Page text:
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  1. Politics
  2. UK Politics
11 January 2021updated 25 Jul 2021 11:46am

The real problem with Boris Johnson’s bike ride seven miles from Downing Street

As with the two women fined for walking in Derbyshire, the Prime Minister was not breaking the law – exposing the gap between government rules and rhetoric.

By Anoosh Chakelian

Boris Johnson was spotted cycling in the Olympic Park in Stratford, east London, yesterday, according to an exclusive report by the Evening Standard.

At around 2pm on Sunday afternoon, according to the report, the Prime Minister was cycling in the park in the London borough of Newham, in a TfL-branded hat and face mask, accompanied by security officials also on bikes.

This park is seven miles from Johnson’s home in Downing Street, and there are questions circling about the trip. The PM is “under pressure to explain” the journey according to the Guardian, the Daily Mirror points out that “as well as Downing Street’s large, private garden, the Prime Minister has access to the grounds of Buckingham Palace – where he runs and takes Dilyn, his dog, for walks”, and his spokesperson was asked about it at a Downing Street briefing for journalists earlier today (giving no answer).

[Hear more from Anoosh on The New Statesman Podcast]

According to a source quoted in the Standard, Johnson was exercising, and reported back on his experience during a Sunday night meeting with cabinet members – expressing concern about how busy the park was.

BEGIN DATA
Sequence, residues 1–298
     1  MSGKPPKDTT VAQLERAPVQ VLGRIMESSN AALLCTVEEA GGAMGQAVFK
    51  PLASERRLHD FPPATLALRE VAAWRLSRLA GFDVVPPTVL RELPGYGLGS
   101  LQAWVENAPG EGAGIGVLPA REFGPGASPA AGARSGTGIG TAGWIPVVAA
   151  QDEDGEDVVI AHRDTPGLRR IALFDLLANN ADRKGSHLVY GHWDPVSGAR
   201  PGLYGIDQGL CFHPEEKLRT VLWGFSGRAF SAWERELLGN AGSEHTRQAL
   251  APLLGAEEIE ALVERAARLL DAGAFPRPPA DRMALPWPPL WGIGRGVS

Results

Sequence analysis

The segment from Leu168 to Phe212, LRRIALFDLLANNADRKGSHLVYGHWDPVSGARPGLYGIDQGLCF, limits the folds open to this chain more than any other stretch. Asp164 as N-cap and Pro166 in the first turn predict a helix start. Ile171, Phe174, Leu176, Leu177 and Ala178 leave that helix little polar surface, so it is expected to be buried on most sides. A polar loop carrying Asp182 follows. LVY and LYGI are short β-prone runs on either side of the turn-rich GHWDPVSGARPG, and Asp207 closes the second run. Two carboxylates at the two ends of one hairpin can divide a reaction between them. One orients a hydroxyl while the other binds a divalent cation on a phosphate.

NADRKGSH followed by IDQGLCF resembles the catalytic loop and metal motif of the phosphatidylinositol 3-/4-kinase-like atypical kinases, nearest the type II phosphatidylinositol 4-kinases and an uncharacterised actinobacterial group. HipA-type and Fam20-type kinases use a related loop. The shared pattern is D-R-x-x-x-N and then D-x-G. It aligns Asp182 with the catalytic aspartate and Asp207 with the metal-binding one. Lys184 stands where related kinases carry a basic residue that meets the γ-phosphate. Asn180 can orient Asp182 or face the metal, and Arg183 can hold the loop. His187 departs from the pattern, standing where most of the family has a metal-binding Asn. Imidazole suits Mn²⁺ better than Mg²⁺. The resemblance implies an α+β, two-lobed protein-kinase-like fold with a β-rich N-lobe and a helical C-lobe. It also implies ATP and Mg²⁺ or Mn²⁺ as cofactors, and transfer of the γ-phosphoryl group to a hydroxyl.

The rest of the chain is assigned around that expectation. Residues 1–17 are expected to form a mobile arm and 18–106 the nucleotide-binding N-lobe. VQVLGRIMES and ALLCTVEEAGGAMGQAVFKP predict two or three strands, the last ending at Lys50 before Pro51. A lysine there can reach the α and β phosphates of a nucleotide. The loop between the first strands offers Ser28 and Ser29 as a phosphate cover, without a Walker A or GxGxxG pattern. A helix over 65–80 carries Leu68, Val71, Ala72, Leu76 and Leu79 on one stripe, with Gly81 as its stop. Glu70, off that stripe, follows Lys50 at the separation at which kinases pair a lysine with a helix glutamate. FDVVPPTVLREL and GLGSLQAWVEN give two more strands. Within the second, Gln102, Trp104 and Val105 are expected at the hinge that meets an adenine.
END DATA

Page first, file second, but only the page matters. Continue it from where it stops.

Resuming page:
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The problem here isn’t that Johnson was breaking rules. Legally, there is no limit to the distance individuals can travel for exercise, and they are allowed to go out to do so.

The real issue is the gap between guidance, government communications and the actual regulations. Government guidance states that exercise “should be limited to once per day, and you should not travel outside your local area” – but this is vague and is not underpinned by the letter of the law: neither the definition of “local area” nor the “once per day” stipulations appear in legislation.

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This gap creates a breakdown in public trust, and frustration among police officers and others tasked with upholding the lockdown restrictions. Johnson’s bike ride jars with other ministers’ messaging – the Health Secretary, Matt Hancock, for example, “backs” Derbyshire police officers’ decision three days ago to fine two women walking five miles from their home: the penalties are now being reviewed and the police force has effectively conceded it made the wrong judgement.

During the original lockdown last year, there were similar problems with overzealous policing and confusion between the law and the guidance, which the New Statesman covered at the time. It seems the government has not learned a vital lesson in communications from the first lockdown, leading to awkward questions for Johnson and those ministers who have been encouraging the police to take a tough approach.